Ciara Wright recently presented to 221+ CervicalCheck Patient Support Group. The talk was around dealing with post-treatment hormonal balance and surgical menopause. In this blog we outline some of the main points covered, including the benefits of phytoestrogens.
Once the major source of oestrogen in the body is gone after menopause we look to supporting the pathways that previously relied on oestrogen. We know this this involves oestrogen receptors in the breast, ovaries and womb. These tissues have both alpha and beta receptors – alpha receptors, when stimulated, drive cell growth which is not ideal. Beta receptors antagonise this and act to keep cell growth under check. We also have beta receptors in the brain, heart and circulatory system, the bladder and our bones. Therefore we want to consider symptoms of oestrogen reduction or deprivation, then act on these.
- We know that bone density declines significantly after the menopause. According to the National Osteoporosis Foundation one in two women over age 50 will have a fracture caused by osteoporosis in her remaining lifetime. It is a significant cause of reduced quality of life as we age.
- Many women will experience bladder issues and urination problems after the menopause including frequent urination, urgency and incontinence.
- We know that women are much more likely to have heart disease after the menopause. Heart disease is the major cause of death in women over the age of 50.
- We all want to protect our brain health and memory as we age and oestrogen signalling promotes neuroplasticity which allows us to learn new things and maintain good memory. In the short term, we can suffer from brain fog, lack of concentration and forgetfulness.
- The other aspect in the brain is the effect on our neurotransmitters which support mood and focus. When oestrogen declines, this can affect mood, motivation, general get-up-and go and lead to depression or apathy.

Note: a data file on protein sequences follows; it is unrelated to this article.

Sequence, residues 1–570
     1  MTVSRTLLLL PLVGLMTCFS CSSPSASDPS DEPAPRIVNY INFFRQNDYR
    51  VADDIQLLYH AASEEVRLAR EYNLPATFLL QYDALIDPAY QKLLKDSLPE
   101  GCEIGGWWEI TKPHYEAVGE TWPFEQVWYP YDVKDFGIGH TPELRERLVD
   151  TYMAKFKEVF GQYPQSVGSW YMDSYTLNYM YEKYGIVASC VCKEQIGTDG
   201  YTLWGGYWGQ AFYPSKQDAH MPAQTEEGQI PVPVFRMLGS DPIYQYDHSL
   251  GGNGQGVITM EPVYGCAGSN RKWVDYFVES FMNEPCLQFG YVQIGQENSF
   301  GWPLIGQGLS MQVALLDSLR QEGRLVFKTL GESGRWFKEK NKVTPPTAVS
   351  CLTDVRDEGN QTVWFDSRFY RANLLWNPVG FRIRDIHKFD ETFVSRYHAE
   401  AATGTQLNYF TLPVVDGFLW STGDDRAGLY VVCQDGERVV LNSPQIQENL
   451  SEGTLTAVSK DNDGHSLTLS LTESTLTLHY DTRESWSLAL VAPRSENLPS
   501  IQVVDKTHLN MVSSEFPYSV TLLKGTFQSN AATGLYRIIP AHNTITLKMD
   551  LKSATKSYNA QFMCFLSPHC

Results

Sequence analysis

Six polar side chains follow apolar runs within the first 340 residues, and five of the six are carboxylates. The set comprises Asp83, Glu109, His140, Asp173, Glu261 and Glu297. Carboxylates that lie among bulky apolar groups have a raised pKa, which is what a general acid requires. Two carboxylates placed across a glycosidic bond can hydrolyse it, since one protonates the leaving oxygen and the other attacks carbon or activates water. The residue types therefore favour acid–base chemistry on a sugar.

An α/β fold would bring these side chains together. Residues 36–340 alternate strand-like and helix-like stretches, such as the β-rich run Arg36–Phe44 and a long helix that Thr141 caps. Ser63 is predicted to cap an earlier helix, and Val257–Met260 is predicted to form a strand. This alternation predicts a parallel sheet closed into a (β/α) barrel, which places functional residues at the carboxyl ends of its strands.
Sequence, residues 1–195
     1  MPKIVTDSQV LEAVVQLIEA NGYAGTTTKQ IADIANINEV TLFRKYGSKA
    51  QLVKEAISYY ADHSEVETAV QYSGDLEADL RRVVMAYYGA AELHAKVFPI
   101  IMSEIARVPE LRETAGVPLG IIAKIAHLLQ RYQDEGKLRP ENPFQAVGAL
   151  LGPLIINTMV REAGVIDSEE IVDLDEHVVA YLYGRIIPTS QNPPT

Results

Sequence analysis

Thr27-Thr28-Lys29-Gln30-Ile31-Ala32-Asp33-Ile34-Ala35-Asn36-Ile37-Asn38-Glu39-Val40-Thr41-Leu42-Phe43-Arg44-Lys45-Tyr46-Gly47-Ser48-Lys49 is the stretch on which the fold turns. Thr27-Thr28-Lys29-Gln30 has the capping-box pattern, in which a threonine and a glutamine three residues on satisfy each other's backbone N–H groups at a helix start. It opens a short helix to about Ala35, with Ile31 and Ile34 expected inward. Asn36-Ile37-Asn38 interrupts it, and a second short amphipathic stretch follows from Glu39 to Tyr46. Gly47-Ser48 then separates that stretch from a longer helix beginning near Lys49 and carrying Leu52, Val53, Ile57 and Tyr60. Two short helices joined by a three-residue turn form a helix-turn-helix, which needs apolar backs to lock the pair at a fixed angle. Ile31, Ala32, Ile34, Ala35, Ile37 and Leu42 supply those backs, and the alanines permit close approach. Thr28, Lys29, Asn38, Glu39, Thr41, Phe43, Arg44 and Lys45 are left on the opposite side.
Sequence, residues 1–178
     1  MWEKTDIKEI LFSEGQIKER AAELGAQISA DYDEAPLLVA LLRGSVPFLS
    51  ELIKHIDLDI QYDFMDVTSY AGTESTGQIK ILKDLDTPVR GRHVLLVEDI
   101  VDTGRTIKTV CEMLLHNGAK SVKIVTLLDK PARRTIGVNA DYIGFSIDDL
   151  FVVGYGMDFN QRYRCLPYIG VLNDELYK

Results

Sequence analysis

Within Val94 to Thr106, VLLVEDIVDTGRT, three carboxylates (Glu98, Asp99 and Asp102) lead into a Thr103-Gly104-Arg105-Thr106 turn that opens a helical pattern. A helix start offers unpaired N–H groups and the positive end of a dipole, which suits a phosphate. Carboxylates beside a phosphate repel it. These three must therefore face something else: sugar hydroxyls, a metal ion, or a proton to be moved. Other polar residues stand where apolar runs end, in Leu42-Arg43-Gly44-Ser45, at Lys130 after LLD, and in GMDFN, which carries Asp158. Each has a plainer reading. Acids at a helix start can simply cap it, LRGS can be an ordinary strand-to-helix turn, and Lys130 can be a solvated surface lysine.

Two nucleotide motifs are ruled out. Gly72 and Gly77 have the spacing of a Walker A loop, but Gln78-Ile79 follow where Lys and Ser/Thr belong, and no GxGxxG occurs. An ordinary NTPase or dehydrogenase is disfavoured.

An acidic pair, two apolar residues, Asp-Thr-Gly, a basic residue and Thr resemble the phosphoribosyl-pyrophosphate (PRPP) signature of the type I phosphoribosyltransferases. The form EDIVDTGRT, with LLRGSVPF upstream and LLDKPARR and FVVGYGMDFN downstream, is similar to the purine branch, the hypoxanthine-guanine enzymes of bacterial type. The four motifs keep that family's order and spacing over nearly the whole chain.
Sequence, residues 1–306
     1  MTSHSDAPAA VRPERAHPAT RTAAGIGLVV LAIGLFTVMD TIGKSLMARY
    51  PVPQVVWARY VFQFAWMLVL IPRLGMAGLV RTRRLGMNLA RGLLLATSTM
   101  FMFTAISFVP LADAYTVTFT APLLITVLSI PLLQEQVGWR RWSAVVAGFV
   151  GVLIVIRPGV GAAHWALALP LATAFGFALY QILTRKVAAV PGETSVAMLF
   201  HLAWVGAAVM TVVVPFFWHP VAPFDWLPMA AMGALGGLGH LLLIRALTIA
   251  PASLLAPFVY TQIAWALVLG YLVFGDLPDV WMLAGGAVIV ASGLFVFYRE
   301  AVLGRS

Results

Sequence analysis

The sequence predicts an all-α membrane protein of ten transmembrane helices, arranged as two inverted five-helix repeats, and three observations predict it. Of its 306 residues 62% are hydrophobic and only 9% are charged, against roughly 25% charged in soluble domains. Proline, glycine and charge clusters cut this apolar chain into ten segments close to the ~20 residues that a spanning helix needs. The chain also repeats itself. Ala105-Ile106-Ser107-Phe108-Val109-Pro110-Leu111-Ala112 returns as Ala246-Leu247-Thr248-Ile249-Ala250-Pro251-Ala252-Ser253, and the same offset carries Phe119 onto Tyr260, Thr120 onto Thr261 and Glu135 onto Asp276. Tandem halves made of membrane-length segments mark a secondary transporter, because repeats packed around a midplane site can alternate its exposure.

- Further on down the line effects on other hormones in the brain include sleep disturbances via melatonin, appetite changes and weight gain. They also include issues with our internal temperature controls. These may cause sweats or hot flushes.
Phytoestrogens in our diet have a blocking effect on the alpha receptors but can promote activity at the helpful beta receptors. These are an essential component of any post-menopausal diet. Many of the foods here also have other benefits to your health.
Soy and tofu
Soy is probably the most well known and this has been shown to have compounds that are almost chemically identical to Tamoxifen, the drug used in breast cancer which blocks oestrogen-derived cell growth (1). Tofu and tempeh (the fermented version) are very high in calcium so excellent also for bone health. We would recommend including these 1-2 times per week. As a milk alternate, soy milk is often made from a soy isolate rather than a whole bean process. We would recommend using soy milk from the whole bean such as Provamel. Or you can simply use a variety of milk alternatives and not depending fully on soy as part of a balanced diet.
Pulses like beans, lentils and chickpeas are a really important component of any healthy diet. When we increase pulses and tofu in the diet, we are also naturally replacing meat which is excellent for our heart health, reduces cholesterol and inflammation and of course is much better for the environment. Starting to make some changes to move towards a more vegetarian diet can be very helpful.
But go slowly…
We often recommend to people to start slowly. Pulses are so high in fibre and may cause gas and digestive discomfort if you are not already accustomed to them. We often also recommend introducing them to meals you already make rather than re-inventing the whole food plan for the family. So for example if you make a chicken curry, simply reduce the chicken by half, open a tin or two of chickpeas, rinse and add. This chickpea and butternut squash curry always gets rave reviews.
Similarly black beans are great in a stir fry, cannellini beans go great into tomato pasta dishes and lentils are an excellent addition into any mince dish like spag bol or shepherd’s pie. That way, it all tastes the same but you are reducing your meat, increasing your phytoestrogens and fibre, and it’s simple and cost effective.
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